Visiting Florence - The Uffizi Gallery
On our last European holiday, we spent hours in the Louvre (in Paris ) and the Prado (in Madrid) and could easily have spent another whole day in either of them - but we were left wondering why we’d bothered to queue for nearly 3 hours to get into the Uffizi, because it was such a let-down. It's not that we’re philistines, by any means - my husband is a history buff with a special interest in Italian art, and even he was disappointed.
Worse, we had only three days in Florence and because we'd spent a whole day on the Uffizi, we missed out on visiting several other museums and churches which, in hindsight, would have been more rewarding.
All the guidebooks will tell you the Uffizi Gallery is a "must see". But if you have only a few days in Florence, do your research before you decide whether the time it takes to get through the gallery's doors is really worth it.
The Uffizi Queue
When you arrive outside the Uffizi, you'll see two queues. The shorter one is for people who have booked in advance, who naturally get priority - but that means they may still queue for an hour or so.
The other queue, for those who haven't booked in advance, is long - very, very long! The wait can be as long as 5 or 6 hours, especially at peak times of year. There's an indicator at the front of the queue, displaying an estimate of how long you can expect to wait - and it's usually pretty accurate.
Don't underestimate how tiring it is to stand in a queue, on concrete, for several hours - especially if you're in Florence in the middle of a hot Italian summer.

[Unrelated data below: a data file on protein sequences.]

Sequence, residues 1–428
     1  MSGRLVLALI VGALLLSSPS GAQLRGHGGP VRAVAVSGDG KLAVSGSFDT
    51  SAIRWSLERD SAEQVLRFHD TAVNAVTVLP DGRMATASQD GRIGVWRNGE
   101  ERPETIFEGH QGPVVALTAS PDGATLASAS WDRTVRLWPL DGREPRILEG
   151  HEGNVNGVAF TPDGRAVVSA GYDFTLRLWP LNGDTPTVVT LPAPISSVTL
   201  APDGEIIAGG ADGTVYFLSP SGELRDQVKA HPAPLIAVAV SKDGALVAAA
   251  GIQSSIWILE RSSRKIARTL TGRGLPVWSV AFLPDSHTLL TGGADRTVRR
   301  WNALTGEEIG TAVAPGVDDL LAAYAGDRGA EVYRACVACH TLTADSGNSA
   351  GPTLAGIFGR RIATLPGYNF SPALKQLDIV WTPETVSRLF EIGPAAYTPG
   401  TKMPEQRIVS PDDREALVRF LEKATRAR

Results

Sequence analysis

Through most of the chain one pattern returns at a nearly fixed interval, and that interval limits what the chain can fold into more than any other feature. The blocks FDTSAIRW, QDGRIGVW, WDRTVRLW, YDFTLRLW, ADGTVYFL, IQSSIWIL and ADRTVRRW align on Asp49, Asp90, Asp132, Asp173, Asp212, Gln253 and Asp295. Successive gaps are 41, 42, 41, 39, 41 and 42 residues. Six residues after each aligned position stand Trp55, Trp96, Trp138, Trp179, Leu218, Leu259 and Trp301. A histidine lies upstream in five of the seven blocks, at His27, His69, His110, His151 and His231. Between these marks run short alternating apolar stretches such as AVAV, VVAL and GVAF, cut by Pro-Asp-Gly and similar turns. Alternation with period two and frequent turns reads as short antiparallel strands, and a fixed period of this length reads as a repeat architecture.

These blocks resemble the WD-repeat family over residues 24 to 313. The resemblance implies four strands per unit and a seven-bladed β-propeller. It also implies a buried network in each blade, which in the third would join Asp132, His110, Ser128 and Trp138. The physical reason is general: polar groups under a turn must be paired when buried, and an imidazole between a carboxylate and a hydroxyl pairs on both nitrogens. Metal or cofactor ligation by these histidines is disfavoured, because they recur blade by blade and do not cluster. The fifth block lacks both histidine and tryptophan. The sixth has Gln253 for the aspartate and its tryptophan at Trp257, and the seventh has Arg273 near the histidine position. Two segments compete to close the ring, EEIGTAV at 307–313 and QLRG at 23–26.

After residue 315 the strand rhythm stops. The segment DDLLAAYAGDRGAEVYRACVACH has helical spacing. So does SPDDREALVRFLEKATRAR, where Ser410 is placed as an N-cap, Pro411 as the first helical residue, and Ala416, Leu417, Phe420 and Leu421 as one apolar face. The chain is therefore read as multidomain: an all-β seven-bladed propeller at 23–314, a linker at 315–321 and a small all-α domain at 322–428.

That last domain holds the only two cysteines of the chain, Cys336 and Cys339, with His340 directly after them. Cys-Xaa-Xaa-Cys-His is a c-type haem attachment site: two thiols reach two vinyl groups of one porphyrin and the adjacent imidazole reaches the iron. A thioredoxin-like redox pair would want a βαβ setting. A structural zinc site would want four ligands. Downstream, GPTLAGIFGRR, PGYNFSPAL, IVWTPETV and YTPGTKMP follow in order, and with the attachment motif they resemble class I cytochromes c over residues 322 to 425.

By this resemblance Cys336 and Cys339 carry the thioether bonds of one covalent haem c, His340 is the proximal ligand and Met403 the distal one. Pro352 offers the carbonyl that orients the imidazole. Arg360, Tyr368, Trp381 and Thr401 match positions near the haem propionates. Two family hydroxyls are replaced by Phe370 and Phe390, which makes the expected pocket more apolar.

When you combine the long, tedious wait with the time it takes to tour the gallery, a visit to the Uffizi can wipe out a whole day. If your time in Florence is limited, you’ll have missed the chance to visit a wealth of other art galleries, museums and historical sites instead, many of them containing treasures just as precious as those in the Uffizi. Not to mention the fabulous shopping!
We were in Florence in April - not a busy time of year, because the weather is still cool - and yet we had a wait of 3 hours. By the time we got into the gallery, all we wanted to to do was head for their cafe so we could sit down and recover! Needless to say, when we got there, there wasn't a free table in sight, so we grabbed a drink and continued our tour of the gallery.
The Uffizi Gloom
Our tiredness may have affected our enjoyment of the Uffizi, but I don't believe that was the main reason for our disappointment.
There’s no denying the paintings in the Uffizi are masterpieces. The trouble is they’re so poorly presented, you’re not seeing them at their best. I expected to be blown away at the sight of an original Botticelli, but in fact most of the paintings looked muted and flat compared to the reproductions we’re all so familiar with.
I’d hate to think the paintings are deteriorating – I think it was just that the lighting was so dim. In some rooms, it was hard to make anything out in the pervading gloom! I know low lighting helps protect paintings, but surely they didn’t have to go that far - the Louvre and the Prado have plenty of natural light and the artworks positively glow. Those two galleries also have informative plaques beside their artworks, whereas the Uffizi provided almost nothing. Add to that the down-at-heel state of the building, and it wasn’t a place to linger.
I’d have to say that my visit to the Uffizi is easily my least favorite memory from what was otherwise an awesome visit to Florence.
Unless you can book in advance, my advice would be to give it a miss. In the time you spend queuing to see the Uffizi, you could visit at least two other galleries - and there are so many fantastic ones to choose from in Florence, you won't be disappointed!
- Uffizi, Uffizi gallery, Florence.
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- Florence Travel Information and Travel Guide - Italy - Lonely Planet
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- Google Books: Renaissance Florence, A Social History
- About Florence, your tourist guide to Florence, Italy
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